Next, I dashed outside and threw myself to the ground. I began rolling violently trying to get those millions of foam packing chips off my body. I’d use my finger to flick them from my chest only to have them reattach on my head! White foam chips were ALL OVER ME!
Soon the “authorities'”arrived.
“Neighbors have reported sighting a strange individual, said he looks like an albino version of the Philly Fanatic. They say he’s rolling all over the ground, sort of like he’s impersonating Joe Cocker spastically singing, ‘With A Little Help From My Friends.'”
Back at “the institution,” I’ve got time on my hands. Time to think.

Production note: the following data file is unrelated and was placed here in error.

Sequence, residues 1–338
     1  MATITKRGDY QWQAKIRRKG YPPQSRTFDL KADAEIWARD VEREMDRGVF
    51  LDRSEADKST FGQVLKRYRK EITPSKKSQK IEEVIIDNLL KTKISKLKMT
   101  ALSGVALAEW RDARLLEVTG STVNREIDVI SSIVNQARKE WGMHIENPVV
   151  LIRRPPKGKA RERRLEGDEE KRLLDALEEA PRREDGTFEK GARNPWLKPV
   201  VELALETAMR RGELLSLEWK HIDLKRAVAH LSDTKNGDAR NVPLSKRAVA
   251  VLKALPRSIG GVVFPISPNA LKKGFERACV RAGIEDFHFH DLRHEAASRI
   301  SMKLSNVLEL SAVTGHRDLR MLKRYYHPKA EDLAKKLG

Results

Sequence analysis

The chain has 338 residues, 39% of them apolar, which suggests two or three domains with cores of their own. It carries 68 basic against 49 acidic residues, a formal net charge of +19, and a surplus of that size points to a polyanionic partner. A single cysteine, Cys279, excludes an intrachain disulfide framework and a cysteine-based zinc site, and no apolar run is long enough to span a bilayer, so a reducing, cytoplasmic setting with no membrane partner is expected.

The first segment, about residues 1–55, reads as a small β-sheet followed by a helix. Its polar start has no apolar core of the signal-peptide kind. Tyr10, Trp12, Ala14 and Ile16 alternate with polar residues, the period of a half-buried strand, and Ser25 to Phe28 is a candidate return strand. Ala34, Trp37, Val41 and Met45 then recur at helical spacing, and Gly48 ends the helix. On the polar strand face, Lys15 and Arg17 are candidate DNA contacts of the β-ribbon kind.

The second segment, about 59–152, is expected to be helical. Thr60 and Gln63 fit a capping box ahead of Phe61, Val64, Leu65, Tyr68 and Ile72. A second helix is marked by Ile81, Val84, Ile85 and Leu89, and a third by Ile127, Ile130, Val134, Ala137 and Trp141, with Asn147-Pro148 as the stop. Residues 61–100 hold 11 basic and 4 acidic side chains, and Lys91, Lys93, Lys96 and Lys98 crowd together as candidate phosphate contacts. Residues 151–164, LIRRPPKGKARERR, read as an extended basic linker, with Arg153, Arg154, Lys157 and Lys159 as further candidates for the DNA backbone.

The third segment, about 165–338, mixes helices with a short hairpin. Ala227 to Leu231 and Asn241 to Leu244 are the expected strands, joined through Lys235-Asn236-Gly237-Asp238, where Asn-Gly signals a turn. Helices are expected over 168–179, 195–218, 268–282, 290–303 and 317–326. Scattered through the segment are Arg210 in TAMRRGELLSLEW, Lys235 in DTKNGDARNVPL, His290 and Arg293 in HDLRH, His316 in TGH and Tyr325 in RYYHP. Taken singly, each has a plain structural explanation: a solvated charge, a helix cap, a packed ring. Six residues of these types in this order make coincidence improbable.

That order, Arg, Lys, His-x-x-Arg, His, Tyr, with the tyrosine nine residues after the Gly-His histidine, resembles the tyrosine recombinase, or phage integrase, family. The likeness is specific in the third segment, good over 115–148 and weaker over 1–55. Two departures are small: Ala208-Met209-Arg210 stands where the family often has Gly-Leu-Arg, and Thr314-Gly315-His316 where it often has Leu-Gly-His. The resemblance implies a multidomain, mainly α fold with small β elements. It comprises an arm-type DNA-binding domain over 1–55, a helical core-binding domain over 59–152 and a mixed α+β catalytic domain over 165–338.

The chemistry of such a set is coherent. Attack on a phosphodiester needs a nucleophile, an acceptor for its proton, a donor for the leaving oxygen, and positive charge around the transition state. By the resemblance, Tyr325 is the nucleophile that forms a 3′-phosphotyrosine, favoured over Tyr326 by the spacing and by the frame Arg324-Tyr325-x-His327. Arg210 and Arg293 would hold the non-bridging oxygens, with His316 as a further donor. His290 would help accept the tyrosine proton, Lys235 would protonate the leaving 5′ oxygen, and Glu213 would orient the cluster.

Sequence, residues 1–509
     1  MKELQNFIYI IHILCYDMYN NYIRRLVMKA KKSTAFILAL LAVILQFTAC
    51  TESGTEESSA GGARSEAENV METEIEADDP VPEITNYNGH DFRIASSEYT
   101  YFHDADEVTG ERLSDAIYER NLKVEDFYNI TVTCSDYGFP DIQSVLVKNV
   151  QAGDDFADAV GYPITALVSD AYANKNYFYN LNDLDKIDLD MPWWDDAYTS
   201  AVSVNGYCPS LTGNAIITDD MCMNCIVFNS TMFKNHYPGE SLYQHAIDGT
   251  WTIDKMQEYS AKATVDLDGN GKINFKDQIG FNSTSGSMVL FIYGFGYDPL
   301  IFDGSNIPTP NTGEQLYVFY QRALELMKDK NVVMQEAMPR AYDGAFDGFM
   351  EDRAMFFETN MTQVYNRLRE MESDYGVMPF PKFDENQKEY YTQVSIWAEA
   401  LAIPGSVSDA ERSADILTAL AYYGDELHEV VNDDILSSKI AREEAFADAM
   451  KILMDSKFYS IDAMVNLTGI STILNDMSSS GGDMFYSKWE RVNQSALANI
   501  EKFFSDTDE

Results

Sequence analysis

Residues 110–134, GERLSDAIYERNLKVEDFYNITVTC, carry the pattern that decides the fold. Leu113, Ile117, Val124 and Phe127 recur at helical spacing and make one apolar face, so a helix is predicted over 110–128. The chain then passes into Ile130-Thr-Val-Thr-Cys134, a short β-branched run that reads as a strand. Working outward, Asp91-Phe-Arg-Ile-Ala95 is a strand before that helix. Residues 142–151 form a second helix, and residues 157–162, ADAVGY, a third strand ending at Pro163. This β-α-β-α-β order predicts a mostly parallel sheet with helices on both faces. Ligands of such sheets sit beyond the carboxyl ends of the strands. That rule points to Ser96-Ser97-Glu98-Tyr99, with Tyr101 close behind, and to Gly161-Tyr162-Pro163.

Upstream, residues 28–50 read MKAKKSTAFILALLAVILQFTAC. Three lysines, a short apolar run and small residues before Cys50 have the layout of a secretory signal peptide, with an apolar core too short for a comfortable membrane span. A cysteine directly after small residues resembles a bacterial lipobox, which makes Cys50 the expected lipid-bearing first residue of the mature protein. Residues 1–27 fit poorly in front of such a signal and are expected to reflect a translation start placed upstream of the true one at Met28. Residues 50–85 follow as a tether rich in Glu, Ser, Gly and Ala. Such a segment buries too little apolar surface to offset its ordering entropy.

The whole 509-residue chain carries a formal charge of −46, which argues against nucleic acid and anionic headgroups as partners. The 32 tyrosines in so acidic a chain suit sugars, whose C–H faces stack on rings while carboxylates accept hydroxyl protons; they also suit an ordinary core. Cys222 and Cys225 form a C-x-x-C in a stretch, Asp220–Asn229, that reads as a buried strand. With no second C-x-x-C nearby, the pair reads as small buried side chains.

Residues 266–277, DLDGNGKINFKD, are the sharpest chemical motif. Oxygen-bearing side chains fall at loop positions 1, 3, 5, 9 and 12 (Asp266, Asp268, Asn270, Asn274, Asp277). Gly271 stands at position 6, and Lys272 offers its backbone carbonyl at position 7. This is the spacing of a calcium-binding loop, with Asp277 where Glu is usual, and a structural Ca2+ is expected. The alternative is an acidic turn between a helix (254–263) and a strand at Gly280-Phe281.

I’ve got it! Get me the White House on the phone again.
“Yes. I have a suggestion for President Trump regarding the fence he wants to build to secure the border. I’ve got a better idea! Spread truckloads of foam packing chips along the border. Illegal immigrants and drug runners wouldn’t dare walk through this stuff!”
— Gary Chalk
Gary Chalk has been described as “Canada’s Dave Barry.” His weekly laugh-out-loud column “Living Retired” pokes fun at Baby Boomers’ lives — everything from middle age men wearing relax-fit jeans and nasal strips to women’s decorator pillows in the bedroom to couples parallel parking their Winnebago. Each Monday thousands of people throughout North America begin their week with a chuckle with his humorous columns.
Anyway, on the first night of our “staycation,” we pondered what to have for dinner. I suggested keeping it simple with a sleeve of Ritz crackers, cheddar cheese, some grapes on the verge of rotting, and a bottle of wine.
There was only one problem. We had no wine.